Neither actress was one hundred percent familiar with the music of Sister Rosetta Tharpe and Marie Knight, who collaborated on many pivotal songs and recordings that shortened the gaps between gospel, blues, swing and what would come to be called rock ‘n’ roll.
“Growing up in the church,” Scales-Lewis says, “you know some of the music – ‘Peace in the Valley,’ ‘Didn’t it Rain.’ Then when I started researching Rosetta’s story, and everything about her and Marie, I thought wow, what an interesting story.’ A story that I was never even aware of. It just never came on my radar.
“I think it’s really cool to have a piece of theater that pays homage to these ladies.”
Kirven’s connection was a little closer. “Sister Rosetta Tharpe grew up COGIC, which is Church of God in Christ, and I did too,” she says. “And so I grew up with the shouting and the speaking in tongues and all of that kind of thing.
“I wasn’t familiar with Sister Rosetta Tharpe’s full history – I didn’t know she’d played the Cotton Club, those sorts of things – but I was familiar with the same songs as Hillary, and even hearing them sung in my church growing up.
“Even today, those songs are so iconic in the church. They’re still alive there. Alive and well.”
The central conflict in Marie and Rosetta is whether Knight, a prim piano player and gospel harmonizer with one foot firmly planted in the church, can accept the already-famous Tharpe’s sexually-charged, rhythmic approach to gospel and join her on the stage. This is Tharpe’s desire, as she has seen Knight perform – on a bill with Mahalia Jackson – and thinks the two will complement one another (hint: she’s right).
The show takes place in a single evening, as the two talk, bicker, laugh, argue, console each other, solve the world’s problems and – tentatively at first – sing together.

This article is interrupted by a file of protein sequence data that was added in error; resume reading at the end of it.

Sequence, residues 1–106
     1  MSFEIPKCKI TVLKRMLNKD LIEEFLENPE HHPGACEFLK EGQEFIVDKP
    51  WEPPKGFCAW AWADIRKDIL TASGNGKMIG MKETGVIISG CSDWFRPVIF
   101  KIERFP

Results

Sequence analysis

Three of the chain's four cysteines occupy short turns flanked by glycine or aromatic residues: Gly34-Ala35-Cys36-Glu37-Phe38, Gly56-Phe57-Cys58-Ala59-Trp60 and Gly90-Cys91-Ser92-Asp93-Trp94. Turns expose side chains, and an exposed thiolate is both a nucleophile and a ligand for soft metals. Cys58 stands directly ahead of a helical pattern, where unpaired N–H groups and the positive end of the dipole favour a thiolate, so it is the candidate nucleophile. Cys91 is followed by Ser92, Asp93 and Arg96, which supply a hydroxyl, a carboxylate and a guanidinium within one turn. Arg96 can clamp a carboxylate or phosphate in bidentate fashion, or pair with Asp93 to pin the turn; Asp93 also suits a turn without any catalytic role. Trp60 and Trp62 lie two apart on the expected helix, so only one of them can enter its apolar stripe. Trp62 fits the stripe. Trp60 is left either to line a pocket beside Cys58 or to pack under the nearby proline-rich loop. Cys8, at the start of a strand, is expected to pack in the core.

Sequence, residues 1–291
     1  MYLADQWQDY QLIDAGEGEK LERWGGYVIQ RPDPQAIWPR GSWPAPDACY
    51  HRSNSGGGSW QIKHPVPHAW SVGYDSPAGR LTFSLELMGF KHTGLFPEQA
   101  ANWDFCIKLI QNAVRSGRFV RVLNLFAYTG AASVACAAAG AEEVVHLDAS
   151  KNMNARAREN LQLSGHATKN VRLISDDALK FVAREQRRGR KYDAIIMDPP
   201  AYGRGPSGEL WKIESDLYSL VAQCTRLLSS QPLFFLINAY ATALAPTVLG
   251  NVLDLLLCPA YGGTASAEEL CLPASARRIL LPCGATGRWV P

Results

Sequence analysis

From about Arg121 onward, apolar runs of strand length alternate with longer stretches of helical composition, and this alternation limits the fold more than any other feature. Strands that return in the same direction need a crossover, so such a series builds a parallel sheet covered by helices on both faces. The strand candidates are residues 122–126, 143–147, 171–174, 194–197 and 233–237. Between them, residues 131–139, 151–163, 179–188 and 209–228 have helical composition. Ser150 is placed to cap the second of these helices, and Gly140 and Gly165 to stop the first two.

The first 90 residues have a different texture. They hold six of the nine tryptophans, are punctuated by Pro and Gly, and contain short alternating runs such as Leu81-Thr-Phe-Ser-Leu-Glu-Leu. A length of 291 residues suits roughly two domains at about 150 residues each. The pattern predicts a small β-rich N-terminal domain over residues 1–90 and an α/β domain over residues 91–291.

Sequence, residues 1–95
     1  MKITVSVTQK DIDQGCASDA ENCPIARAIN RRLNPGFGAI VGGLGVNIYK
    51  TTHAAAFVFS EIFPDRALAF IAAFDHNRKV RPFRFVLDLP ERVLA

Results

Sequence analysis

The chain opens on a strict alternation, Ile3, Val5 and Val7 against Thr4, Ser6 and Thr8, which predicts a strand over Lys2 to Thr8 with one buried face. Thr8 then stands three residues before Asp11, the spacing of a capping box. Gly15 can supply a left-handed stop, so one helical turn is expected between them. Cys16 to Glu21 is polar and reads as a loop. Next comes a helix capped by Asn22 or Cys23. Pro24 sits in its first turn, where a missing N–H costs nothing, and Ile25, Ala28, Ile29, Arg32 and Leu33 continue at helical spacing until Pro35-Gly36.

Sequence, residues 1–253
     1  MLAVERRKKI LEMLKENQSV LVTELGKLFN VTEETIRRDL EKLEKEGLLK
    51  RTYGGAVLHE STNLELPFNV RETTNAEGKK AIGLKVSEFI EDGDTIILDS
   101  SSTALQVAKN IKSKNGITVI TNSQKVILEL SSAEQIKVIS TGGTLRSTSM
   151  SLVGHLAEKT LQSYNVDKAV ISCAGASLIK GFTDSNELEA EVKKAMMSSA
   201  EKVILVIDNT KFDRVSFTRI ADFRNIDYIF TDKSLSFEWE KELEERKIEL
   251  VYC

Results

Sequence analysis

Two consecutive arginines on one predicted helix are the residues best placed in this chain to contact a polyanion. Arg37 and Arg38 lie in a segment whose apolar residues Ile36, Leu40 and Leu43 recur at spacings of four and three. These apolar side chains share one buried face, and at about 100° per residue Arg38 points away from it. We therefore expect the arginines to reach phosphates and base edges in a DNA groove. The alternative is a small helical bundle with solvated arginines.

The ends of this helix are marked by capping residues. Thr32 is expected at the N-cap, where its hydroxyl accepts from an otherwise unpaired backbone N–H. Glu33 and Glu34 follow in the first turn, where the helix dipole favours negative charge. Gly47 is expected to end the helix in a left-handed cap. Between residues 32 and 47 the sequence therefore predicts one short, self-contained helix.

Sacred, secular or somewhere in between, the songs come rolling out with barrelhouse piano and amplified guitar: “This Train,” “Strange Things Happening Every Day,” “Were You There When They Crucified My Lord,” “Tall Skinny Papa.”
This proves to be what unites them in spirit, despite their differences.
In Kirven’s view, all doubt vanishes “once Rosetta gets Marie to own up to what the truth is, for their relationship to be truthful. And for them to be able to find the fun and the joy, and have it all be meaningful and real.
“And I think once they find that connection, then their love for each other can blossom as well.”
Says Scales-Lewis: “I think it happens once Marie realizes this was all a part of Rosetta’s mission; her mission in a way was to bring people together through music.
“Once she realized that, it clicked: ‘Oh, this is a gift from God that’s she’s using. It’s all connected in this way, through music.’ That’s when she’s on board. She realizes ‘This is a good thing that you’re doing. You’re inspiring people.’”
Once it closes on Feb. 16, this production of Marie and Rosetta will travel to the Hippodrome Theatre in Gainesville for three weeks. The current Hippodrome show, Lone Star Spirits, will concurrently move to freeFall, where it will be onstage Feb. 29-March 29.
Tickets and info here.